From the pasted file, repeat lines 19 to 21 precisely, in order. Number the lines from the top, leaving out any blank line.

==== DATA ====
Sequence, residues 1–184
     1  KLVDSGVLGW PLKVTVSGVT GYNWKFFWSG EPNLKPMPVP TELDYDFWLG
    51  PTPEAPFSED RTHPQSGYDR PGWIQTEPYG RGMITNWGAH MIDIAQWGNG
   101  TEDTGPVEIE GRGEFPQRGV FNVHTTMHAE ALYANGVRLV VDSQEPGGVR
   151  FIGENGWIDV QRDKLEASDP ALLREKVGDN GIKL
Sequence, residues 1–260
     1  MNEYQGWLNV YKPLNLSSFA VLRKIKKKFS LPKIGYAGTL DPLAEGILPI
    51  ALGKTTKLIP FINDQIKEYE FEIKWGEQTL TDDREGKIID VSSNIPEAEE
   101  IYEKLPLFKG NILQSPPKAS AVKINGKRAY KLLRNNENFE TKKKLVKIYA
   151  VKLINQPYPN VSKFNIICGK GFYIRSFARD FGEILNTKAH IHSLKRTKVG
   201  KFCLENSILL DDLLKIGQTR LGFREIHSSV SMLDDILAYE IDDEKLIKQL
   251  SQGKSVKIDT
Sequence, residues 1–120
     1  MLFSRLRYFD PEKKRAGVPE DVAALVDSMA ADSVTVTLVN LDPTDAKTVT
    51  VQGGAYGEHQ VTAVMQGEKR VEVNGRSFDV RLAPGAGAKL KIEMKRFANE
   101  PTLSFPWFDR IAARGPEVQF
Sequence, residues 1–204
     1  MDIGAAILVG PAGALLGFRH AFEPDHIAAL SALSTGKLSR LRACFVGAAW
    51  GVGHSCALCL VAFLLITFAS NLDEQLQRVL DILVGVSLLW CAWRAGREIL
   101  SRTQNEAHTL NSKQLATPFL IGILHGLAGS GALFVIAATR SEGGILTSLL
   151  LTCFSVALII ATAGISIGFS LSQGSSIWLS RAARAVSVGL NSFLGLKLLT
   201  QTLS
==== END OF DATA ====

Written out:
    51  GVGHSCALCL VAFLLITFAS NLDEQLQRVL DILVGVSLLW CAWRAGREIL
   101  SRTQNEAHTL NSKQLATPFL IGILHGLAGS GALFVIAATR SEGGILTSLL
   151  LTCFSVALII ATAGISIGFS LSQGSSIWLS RAARAVSVGL NSFLGLKLLT